Then a young man stood up, near the back. He had said little during the term. He was older than the other students, and he was shy. He asked if he could speak, then told in a quiet voice of being a soldier in Vietnam. One day he had left his rifle and walked across his fortified compound to mail call. Just as he got a letter in his hand, he heard a bugle blow and rifle fire coming in ahead of the swarming enemy. He fought his way back to his rifle, using his hands as weapons. With the men who survived, he drove the enemy out. The wounded were evacuated. Then he sat down among the living, and some of the dead, and opened the letter.
It was from his mother. She wrote that she’d had a spiritual experience that assured her he would live to come home if he would remain righteous. To my class, the boy said quietly, “That letter was scripture to me. I kept it.” And he sat down.
If you do not now have children, you probably will someday. Can you see their faces? Can you see them somewhere, sometime, in mortal danger? Can you feel the fear in their hearts? Would you like to freely give? What sacrifice will it take to write the letter your heart will want to send? You won’t be able to make that sacrifice in the hour before the postman comes. Nor will it be possible in a day or even a week. It may take years, but you can start preparing now. One good way is to keep a journal. And it won’t seem like a sacrifice if you picture those children, feel their hearts, and think of the letters they will need.
There is another gift some of us may want to give that takes starting early. I saw it start once as a bishop. A student sat across from me and talked about mistakes he had made. He talked about how much he wanted the children he might have someday to have a dad who could use his priesthood and to whom they were sealed forever. He said he knew that the price and pain of repentance might be great. And then he said what I will not forget: “Bishop, I am coming back. I will do whatever it takes. I am coming back.” He felt sorrow; he had faith in Christ. And still it took months of painful effort.
But somewhere this Christmas there is a family with a dad who holds the priesthood, once that student, and they have eternal hopes and peace on earth. He will probably give his family all sorts of brightly wrapped gifts, but nothing will matter quite so much as the gift he started a long time ago in my office. He felt then the needs of children he had only dreamed of and he gave early and freely. He sacrificed his pride and sloth and numbed feelings. I am sure it doesn’t seem like a sacrifice now.
He could give that gift because of other gifts given long ago. God the Father gave his Son, and Jesus Christ gave us the Atonement—gifts of unfathomable depth and value for us.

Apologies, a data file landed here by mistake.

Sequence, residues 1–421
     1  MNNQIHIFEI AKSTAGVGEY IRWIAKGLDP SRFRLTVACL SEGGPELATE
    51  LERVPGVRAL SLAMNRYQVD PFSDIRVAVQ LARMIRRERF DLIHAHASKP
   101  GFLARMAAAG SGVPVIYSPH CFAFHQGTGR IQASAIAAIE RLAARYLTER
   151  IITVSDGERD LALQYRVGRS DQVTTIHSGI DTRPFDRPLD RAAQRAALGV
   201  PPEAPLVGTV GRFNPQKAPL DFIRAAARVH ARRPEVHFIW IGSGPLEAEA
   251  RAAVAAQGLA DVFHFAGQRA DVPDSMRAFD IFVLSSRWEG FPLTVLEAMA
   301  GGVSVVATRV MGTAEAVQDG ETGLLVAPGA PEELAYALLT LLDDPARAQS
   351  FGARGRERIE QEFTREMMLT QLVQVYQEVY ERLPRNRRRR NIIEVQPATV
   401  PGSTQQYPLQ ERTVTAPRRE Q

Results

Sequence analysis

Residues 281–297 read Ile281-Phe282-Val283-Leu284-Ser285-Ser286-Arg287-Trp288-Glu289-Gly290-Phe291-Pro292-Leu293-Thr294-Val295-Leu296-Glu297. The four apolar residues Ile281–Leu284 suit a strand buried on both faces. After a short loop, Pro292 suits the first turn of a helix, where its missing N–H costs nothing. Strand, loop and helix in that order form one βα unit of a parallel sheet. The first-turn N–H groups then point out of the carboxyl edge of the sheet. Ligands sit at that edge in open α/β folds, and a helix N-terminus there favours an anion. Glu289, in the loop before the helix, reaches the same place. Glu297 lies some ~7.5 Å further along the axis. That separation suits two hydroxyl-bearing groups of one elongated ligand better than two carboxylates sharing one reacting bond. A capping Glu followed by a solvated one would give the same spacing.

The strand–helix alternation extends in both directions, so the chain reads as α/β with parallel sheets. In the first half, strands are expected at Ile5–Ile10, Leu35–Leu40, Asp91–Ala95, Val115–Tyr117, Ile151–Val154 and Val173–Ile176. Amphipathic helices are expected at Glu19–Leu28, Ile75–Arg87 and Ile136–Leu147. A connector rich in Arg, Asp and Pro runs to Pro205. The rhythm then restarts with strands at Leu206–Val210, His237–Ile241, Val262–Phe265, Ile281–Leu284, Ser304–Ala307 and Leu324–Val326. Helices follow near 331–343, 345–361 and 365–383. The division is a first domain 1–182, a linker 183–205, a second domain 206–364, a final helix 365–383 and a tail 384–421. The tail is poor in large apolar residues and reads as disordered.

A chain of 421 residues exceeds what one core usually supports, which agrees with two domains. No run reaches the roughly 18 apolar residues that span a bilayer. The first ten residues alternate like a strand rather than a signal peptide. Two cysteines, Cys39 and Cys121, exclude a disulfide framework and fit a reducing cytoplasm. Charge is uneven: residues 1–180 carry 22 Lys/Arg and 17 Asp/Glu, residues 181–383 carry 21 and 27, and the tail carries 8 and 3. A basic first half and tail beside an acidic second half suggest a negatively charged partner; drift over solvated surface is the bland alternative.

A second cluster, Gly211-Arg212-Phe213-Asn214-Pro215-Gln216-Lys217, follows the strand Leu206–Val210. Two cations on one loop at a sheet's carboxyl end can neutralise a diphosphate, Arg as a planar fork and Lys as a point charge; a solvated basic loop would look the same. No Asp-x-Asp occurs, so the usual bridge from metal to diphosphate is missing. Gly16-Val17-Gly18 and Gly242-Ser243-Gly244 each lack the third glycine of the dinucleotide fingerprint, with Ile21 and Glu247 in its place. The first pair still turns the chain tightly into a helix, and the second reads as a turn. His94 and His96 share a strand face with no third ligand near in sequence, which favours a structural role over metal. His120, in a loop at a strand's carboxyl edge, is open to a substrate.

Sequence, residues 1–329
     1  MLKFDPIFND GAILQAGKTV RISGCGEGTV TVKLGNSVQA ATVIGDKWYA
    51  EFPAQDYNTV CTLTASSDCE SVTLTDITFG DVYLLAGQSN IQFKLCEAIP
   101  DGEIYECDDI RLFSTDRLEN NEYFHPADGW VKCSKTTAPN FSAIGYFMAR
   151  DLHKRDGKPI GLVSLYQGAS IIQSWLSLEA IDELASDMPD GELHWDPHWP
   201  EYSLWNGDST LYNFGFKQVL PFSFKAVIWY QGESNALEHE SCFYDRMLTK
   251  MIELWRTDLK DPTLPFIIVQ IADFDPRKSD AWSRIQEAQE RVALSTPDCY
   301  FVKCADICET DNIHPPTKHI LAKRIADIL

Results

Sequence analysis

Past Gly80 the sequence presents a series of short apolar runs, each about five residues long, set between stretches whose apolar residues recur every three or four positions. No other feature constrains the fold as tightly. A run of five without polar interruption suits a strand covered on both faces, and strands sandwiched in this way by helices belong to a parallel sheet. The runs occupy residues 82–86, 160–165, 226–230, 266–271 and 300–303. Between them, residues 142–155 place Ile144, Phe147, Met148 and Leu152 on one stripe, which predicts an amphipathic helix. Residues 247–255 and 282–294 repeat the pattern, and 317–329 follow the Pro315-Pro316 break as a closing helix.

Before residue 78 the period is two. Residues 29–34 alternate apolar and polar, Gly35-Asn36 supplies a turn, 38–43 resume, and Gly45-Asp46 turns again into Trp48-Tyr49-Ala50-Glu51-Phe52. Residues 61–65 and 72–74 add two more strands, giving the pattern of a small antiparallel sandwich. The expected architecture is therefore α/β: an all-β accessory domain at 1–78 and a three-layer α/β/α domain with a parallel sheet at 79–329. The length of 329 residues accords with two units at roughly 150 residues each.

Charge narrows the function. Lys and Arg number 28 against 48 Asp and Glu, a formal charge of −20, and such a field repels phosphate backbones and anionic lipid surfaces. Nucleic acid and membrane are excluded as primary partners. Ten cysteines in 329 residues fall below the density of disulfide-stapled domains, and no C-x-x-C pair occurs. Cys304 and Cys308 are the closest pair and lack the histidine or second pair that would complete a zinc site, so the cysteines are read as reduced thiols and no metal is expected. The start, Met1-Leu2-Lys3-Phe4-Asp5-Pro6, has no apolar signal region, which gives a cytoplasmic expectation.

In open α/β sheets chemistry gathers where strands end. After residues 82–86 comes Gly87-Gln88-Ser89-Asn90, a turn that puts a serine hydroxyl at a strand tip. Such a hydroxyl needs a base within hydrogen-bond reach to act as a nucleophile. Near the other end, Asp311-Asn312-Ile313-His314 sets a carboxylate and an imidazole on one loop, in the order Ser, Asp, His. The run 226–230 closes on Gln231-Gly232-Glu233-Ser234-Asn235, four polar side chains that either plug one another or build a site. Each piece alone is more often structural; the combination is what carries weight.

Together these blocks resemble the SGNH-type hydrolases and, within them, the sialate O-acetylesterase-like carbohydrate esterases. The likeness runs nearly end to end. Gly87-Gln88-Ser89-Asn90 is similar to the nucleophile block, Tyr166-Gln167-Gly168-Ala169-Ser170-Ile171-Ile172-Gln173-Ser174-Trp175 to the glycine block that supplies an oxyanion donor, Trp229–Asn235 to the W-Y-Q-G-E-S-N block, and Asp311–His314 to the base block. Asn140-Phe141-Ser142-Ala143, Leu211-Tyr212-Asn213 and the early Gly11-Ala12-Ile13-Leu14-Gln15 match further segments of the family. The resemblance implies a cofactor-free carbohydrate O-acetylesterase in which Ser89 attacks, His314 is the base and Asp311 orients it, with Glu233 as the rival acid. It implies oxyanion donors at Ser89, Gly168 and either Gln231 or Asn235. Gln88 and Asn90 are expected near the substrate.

Jesus gave his gift freely, willingly to us all. He said, “Therefore doth my Father love me, because I lay down my life, that I might take it again.
“No man taketh it from me, but I lay it down of myself” (John 10:17–18).
I bear testimony that as we accept that gift, given through infinite sacrifice, it brings joy to the giver. Jesus taught, “I say unto you, that likewise joy shall be in heaven over one sinner that repenteth, more than over ninety and nine just persons, which need no repentance” (Luke 15:7).
If that warms you as it does me, you may well want to give a gift to the Savior. But he seems to have everything, doesn’t he? Well, not quite. He doesn’t have all of us with him again, forever—not yet. I hope we are touched enough by the feelings of his heart to sense how much he wants to know each of us is coming home to him. We can’t give that gift to him in one day or in one Christmas. But we could show him today that we are on the way.
If we have already done that, there is still something left to give. All around us are people he loves, and he wants to help them—through us.
One of the sure signs of a person who has accepted the gift of the Savior’s atonement is a willingness to give. The process of cleansing our lives seems to make us more sensitive, more generous, more pleased to share what means so much to us. I suppose that’s why the Savior used an example of gift-giving in describing who would finally come home to him:
“Then shall the King say unto them on his right hand, Come, ye blessed of my Father, inherit the kingdom prepared for you from the foundation of the world:
“For I was an hungered, and ye gave me meat: I was thirsty, and ye gave me drink: I was a stranger, and ye took me in:
“Naked, and ye clothed me: I was sick, and ye visited me: I was in prison, and ye came unto me. …
“Verily I say unto you, Inasmuch as ye have done it unto one of the least of these my brethren, ye have done it unto me” (Matt. 25:34–36, 40).
And that, I suppose, is the nicest effect of receiving great gifts: it makes us want to give and give well. I’ve been blessed all my life by such gifts. I acknowledge that.
Many of those gifts were given long ago. We’re near the birthday of the Prophet Joseph Smith—December 23. He gave his great talent and his life that the gospel of Jesus Christ might be restored. My ancestors left home and familiar ways to embrace the restored gospel—as much, perhaps more, for me as for them.
And so what shall we do to appreciate and to give a merry Christmas? “Freely ye have received, freely give” (Matt. 10:8).
I pray that we will freely give. I pray that we will be touched by the feelings of others, that we will give without feelings of compulsion or expectation of gain, and that we will know that sacrifice is made sweet to us when we treasure the joy it brings to another heart.